Family of Yemeni officer shares final letter after Houthis carry out execution
The family of one of the nine men executed by the Iran-backed Houthi militia on Saturday has shared their father’s final letter in which he reiterated his innocence, saying that he was unjustly imprisoned.
Colonel Abdulmalik Humaid, one of nine men including a minor, was executed on Saturday by the Houthis for his alleged involvement in the 2018 killing of Saleh al-Samad, then the armed group's top civilian leader.
Samad, who held the post of president in the Houthi-controlled administration which runs most of northern Yemen, was killed in April 2018 by an Arab Coalition air strike in the port city of Hodeidah on Yemen's west coast.
Humaid, a security officer who held many leadership and security positions, was a graduate of the Police Academy in Yemen. He also held a bachelor's degree in Sharia and law and two master's degrees in civil and private law. According to the reports, he was summoned to attend a meeting at the University of Hodeidah in 2018 where he was surprised by the presence of Samad, who was assassinated immediately after leaving the event.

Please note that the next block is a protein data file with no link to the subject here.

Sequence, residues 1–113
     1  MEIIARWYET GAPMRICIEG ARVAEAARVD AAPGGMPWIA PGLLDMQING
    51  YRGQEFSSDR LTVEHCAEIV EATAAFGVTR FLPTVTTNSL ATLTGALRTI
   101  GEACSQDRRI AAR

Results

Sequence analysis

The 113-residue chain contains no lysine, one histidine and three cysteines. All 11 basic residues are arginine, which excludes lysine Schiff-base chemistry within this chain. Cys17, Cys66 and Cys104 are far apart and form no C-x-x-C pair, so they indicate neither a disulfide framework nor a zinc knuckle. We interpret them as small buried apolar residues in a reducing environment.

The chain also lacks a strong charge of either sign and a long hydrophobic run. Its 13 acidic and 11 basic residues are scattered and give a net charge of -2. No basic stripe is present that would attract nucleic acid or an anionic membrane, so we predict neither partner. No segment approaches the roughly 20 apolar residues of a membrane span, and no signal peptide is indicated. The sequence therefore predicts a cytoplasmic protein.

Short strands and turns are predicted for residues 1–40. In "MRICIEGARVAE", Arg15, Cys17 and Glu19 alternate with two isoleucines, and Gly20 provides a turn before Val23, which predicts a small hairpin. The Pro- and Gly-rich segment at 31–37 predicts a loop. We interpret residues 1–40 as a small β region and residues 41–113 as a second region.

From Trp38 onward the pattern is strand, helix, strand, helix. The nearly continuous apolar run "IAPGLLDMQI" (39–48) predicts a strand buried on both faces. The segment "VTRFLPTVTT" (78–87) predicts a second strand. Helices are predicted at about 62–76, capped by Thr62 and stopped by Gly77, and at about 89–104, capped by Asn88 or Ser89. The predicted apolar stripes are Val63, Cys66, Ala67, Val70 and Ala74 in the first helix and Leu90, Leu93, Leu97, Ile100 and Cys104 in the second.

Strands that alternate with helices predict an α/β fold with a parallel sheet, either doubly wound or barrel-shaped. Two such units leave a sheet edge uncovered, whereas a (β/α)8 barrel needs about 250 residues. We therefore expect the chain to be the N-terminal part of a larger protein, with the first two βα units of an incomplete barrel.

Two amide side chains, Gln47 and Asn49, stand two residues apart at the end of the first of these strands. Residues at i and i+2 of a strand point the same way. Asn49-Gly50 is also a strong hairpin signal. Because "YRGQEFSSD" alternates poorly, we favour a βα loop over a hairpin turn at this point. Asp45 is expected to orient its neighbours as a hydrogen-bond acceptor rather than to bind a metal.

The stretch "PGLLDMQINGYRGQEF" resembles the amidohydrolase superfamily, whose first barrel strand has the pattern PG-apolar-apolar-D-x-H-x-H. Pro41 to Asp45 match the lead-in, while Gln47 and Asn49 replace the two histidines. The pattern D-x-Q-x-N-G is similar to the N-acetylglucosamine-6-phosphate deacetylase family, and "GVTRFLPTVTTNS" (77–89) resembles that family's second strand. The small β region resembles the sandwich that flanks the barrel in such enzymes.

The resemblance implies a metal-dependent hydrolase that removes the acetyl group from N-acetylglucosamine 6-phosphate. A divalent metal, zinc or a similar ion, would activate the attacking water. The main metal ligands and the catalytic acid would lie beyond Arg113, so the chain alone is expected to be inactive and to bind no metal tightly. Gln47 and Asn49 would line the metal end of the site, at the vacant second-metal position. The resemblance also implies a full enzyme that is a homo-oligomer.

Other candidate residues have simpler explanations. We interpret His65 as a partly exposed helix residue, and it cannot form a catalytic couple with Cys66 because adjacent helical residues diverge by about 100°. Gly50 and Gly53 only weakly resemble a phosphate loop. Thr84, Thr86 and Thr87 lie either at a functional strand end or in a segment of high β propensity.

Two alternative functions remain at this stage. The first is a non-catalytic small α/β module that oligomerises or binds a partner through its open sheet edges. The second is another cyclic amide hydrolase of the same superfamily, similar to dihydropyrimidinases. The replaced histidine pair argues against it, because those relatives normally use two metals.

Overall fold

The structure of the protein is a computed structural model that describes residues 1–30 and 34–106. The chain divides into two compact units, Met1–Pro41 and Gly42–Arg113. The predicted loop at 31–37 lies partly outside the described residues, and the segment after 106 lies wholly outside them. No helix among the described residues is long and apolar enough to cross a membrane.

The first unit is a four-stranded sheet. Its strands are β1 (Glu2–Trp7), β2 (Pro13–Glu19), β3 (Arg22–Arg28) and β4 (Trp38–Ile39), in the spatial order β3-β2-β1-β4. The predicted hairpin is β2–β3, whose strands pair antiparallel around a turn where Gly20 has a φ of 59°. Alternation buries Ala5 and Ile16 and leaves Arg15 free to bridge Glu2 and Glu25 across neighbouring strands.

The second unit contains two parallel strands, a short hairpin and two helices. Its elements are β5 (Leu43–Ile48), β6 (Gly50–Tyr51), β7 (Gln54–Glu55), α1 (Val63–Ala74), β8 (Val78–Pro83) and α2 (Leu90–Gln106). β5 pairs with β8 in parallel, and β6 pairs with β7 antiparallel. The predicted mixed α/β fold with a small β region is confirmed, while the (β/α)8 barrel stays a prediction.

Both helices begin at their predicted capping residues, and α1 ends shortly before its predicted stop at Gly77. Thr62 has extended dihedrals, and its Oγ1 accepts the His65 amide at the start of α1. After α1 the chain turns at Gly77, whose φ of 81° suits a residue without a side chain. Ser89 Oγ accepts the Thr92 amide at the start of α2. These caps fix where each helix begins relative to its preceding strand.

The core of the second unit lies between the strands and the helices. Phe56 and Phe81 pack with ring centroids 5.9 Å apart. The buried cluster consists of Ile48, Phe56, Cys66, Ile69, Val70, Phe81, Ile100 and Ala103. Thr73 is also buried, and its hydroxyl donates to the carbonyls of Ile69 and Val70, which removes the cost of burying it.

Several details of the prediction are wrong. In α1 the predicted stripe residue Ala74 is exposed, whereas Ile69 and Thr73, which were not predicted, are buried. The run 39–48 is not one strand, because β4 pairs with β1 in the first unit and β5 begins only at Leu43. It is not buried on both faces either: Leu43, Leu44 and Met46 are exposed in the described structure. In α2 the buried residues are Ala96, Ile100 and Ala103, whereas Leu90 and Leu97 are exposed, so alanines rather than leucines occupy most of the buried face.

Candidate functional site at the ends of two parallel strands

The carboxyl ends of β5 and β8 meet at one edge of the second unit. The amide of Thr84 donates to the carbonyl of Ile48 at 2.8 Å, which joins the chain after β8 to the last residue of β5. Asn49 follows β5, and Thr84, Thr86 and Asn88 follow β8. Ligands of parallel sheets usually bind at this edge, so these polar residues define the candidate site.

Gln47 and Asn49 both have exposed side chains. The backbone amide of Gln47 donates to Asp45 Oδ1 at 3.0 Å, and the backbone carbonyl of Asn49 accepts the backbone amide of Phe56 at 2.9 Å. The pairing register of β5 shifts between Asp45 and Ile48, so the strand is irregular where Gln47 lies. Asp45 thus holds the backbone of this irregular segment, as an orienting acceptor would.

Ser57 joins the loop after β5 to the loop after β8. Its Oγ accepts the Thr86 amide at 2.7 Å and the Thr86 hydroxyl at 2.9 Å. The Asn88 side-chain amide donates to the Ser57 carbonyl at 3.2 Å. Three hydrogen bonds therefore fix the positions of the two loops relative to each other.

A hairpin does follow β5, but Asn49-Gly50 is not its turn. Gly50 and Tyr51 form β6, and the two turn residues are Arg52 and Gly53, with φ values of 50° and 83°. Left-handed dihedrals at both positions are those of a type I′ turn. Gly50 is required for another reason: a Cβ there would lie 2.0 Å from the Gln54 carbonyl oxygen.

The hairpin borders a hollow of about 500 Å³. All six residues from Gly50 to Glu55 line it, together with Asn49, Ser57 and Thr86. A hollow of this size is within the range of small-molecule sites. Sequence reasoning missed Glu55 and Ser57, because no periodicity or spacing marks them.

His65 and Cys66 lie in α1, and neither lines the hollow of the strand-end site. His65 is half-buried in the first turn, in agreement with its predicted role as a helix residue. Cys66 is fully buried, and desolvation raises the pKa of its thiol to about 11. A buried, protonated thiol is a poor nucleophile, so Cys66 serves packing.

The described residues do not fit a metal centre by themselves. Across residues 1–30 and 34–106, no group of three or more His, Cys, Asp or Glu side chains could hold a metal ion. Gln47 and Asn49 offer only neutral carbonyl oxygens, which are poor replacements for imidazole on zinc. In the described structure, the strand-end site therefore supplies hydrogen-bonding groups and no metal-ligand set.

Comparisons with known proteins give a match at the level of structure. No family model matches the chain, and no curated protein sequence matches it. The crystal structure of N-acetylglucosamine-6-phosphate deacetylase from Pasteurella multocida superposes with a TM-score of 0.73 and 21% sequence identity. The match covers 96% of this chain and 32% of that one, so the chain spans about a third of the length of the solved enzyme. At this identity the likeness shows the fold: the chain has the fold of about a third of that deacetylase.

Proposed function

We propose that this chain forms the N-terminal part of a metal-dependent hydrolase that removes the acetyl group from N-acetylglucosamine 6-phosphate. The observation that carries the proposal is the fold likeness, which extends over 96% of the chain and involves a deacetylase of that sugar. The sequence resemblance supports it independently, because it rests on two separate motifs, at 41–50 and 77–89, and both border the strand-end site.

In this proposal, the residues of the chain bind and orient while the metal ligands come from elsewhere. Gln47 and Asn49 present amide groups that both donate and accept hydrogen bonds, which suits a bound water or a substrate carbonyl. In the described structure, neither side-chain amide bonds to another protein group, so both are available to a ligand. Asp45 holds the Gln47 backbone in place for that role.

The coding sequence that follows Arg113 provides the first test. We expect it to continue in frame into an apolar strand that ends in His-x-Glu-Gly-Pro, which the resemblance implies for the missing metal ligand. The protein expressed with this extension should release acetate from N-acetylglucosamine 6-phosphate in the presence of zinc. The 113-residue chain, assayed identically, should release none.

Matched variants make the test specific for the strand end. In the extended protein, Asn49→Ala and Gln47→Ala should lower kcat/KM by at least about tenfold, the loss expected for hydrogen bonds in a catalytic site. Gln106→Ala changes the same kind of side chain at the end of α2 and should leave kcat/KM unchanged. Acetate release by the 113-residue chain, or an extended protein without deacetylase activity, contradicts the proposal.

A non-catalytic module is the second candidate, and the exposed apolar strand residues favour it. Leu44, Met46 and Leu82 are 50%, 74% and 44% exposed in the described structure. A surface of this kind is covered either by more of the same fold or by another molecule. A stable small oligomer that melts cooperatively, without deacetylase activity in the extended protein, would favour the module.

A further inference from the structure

“Raise your heads, this is how God has decreed for me to be martyred unjustly by an aggressor, so meeting God is a right. God knows that I served my country with honesty and integrity. Sufficient for us is Allah, and I ask Allah to take revenge on every unjust person,” Humaid wrote.
The nine, including a 17-year-old boy, were arrested months after al-Samad’s killing. They were forcefully disappeared for months and held in undisclosed places where they suffered inhumane treatment, according to Abdel-Majeed Sabra, a Yemeni lawyer representing one of the people executed.
The executions were also broadcast on big screens in Sanaa's Tahrir Square. The executions and the public display caused outrage across the country, including among the relatives of the nine and also in Sanaa, where people usually refrain from criticizing the rebels for fear of reprisals.
“I can’t believe what has happened. This is madness and a crime,” Abdel-Rahman Noah, a brother of one of the executed, told The Associated Press.
(With inputs from The Associated Press)